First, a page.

All of these require larger spaces and often a diversity of habitats to function, and therefore knowledge is needed of different disciplines and actions of different stakeholders. In addition, collective action that considers potential impacts of climate change needs guidance and informed decision making.

Landscape approaches, such as the Climate Smart Territorial approach applied by CATIE, or the Climate Smart Villages approach applied by ICIMOD, create platforms that will strengthen local capacity for informed decision making and that facilitate interdisciplinary, multi-stakeholder collective action.

vn-rice-farmsHow does CSA contribute to healthy landscapes?

Healthy landscapes require implementation at different scales beyond the landscape level (for example policies that promote best practices) – but also within those landscapes (farm and household).

The CSA framework not only suggests best crop, animal and farm management practices under a changing climate; it also helps the adoption of a more holistic view of the farm, identifying the different natural resources and ecosystem services on which farming is built, as well as the different outputs of the farms that may affect the natural and human environment. It thus provides a natural link between landscape and agricultural practices on the farm.

climate-smart-agWhy do you bring the topic to the Global Landscapes Forum? What do you hope to gain from your event?

One of the global development goals is zero hunger, and the potential for producing sufficient food of good (i.e. nutritional) quality is very much related to climate. Nevertheless, agriculture and food production are not very high on the climate change negotiation agenda.

With this session, we hope to be able to show that integrating climate smart agriculture into a landscape approach not only addresses future food problems, but also contributes to achieving the national commitments to the UNFCCC and to several of the global development goals (e.g. poverty reduction [1], gender equality and empowerment of women and girls [5], clean water and sanitation [6], affordable clean energy [7], decent work and economic growth [8], responsible consumption and production [12], climate action [13], life on land [15], and partnerships [17]).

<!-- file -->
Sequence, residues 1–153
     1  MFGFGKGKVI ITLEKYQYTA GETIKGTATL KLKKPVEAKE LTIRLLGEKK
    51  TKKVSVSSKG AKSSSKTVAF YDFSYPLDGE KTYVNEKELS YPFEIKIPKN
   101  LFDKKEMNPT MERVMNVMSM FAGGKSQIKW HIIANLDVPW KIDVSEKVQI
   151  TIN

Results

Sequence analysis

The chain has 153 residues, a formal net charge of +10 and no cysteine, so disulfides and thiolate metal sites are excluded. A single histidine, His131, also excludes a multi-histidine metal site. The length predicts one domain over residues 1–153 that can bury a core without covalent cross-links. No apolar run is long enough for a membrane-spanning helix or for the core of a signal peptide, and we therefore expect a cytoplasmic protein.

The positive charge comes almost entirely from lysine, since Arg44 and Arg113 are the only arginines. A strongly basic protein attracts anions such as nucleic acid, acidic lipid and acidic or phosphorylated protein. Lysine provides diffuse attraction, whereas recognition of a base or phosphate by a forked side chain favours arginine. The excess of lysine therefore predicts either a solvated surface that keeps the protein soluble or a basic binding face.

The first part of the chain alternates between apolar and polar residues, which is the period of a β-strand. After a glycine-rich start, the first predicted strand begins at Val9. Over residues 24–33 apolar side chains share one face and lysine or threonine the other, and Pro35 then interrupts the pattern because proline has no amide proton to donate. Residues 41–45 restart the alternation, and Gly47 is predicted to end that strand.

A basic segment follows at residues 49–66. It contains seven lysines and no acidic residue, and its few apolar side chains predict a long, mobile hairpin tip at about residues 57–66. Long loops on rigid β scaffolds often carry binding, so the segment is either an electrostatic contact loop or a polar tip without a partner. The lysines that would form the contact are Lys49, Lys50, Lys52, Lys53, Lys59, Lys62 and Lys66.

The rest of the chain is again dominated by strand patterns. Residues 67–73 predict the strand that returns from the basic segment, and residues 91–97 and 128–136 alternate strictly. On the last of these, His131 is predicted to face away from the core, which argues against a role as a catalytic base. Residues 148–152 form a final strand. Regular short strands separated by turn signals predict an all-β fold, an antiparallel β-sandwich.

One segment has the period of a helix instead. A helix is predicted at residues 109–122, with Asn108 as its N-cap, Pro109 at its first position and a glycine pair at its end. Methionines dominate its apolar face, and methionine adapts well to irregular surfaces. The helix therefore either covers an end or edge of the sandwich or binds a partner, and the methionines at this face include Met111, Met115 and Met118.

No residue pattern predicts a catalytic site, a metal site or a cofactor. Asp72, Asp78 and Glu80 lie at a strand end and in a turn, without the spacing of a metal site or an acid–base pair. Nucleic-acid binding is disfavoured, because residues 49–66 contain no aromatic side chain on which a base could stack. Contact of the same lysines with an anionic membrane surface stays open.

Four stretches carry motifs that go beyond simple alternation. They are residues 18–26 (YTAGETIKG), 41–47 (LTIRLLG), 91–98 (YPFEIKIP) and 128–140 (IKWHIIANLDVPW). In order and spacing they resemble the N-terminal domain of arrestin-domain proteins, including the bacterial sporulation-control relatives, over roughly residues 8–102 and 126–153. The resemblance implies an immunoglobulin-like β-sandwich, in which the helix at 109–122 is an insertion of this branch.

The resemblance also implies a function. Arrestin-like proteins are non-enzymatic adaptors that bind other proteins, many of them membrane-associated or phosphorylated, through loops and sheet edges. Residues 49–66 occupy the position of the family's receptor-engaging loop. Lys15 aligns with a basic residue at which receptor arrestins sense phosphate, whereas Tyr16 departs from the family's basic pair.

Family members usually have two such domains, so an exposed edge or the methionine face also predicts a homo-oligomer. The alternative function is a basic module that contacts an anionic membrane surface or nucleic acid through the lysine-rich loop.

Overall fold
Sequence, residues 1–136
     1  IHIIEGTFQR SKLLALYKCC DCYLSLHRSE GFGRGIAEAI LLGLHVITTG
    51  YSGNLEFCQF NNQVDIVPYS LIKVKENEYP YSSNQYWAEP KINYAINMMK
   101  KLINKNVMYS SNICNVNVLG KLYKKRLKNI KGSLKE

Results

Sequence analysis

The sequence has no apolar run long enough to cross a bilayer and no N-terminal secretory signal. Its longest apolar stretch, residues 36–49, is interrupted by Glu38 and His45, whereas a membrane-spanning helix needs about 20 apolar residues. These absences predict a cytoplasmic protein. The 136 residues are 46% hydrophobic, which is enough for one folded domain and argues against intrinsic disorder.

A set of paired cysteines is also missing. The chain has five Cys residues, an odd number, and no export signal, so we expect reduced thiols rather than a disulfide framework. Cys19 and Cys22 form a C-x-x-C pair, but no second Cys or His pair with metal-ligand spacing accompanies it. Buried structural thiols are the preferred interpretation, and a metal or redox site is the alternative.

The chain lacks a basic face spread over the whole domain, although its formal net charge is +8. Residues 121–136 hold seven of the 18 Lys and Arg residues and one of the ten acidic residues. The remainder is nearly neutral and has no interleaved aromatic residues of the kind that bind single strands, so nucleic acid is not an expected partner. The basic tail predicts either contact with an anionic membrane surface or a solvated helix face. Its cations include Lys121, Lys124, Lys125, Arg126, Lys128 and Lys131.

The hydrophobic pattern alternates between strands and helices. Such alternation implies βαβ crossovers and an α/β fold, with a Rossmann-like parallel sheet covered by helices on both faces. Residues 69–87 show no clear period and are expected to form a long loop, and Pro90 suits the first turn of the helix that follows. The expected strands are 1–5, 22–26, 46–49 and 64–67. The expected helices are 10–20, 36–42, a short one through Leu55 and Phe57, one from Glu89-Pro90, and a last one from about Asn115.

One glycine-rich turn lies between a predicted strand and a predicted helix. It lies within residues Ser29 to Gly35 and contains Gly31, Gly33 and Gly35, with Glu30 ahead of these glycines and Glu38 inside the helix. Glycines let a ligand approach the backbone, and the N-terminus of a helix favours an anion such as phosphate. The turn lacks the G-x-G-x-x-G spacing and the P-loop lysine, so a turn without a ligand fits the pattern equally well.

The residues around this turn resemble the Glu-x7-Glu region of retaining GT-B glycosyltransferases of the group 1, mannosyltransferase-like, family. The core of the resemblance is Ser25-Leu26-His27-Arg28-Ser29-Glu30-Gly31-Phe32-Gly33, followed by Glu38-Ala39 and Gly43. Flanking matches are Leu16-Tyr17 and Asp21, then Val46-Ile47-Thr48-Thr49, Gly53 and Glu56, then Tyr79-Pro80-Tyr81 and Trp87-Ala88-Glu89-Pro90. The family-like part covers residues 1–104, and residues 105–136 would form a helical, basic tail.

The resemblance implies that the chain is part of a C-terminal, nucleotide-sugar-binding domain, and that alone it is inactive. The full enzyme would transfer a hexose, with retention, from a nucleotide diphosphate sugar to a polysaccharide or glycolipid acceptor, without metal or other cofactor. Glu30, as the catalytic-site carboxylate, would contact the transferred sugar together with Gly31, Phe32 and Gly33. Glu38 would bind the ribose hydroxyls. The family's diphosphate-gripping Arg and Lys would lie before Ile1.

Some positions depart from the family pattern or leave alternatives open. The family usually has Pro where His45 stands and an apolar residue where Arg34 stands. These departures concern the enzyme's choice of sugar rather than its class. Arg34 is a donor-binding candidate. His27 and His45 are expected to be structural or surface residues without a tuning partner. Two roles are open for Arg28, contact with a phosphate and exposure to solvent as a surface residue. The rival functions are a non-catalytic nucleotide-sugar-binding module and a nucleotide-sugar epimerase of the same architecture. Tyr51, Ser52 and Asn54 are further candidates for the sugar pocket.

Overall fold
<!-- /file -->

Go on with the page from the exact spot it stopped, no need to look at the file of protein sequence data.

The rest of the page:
We hope to provide negotiators and decision makers with enough evidence for them to pay more attention to agriculture, agroforestry and livestock in the context of landscape management as part of the solution to climate change adaptation and mitigation.

We think the Global Landscapes Forum is the right place for that, since it links with the COP 21 and has become probably the most influential event outside the COP that deals with land use (expected to attract over two thousand participants, including high level decision makers and scientists).

climatesmart-agriculture-1-638What was your experience from previous GLFs? Did the event benefit your work and mission?

The GLF in Lima helped promote the landscape approach, an important element of the work of AIRCA members. AIRCA as such did not participate, but some of its members did: CATIE organized a discussion forum on landscape management where ICIMOD a partner member of AIRCA also shared its experiences.

Together with WRI and IUCN, CATIE coordinated a Launchpad on the 20×20 initiative to restore degraded lands in Latin America and the Caribbean. In particular the Launchpad seemed to have had an impact, with more countries committing themselves to landscape restoration. However, intensive follow up was necessary to achieve that.

INBAR was present with a stand while CABI also participated in the GLF. It seems that, if the discussion forums and launchpads are part of existing initiatives, they work very well to create greater awareness and support additional efforts to obtain commitments towards the implementation of landscape approaches from the national governments.

In times when it is necessary to have visible collective impacts to address common challenges, the GLF has also become an event that has promoted collaboration among partners from different parts of the world, all sharing the same vision that it is time to act together.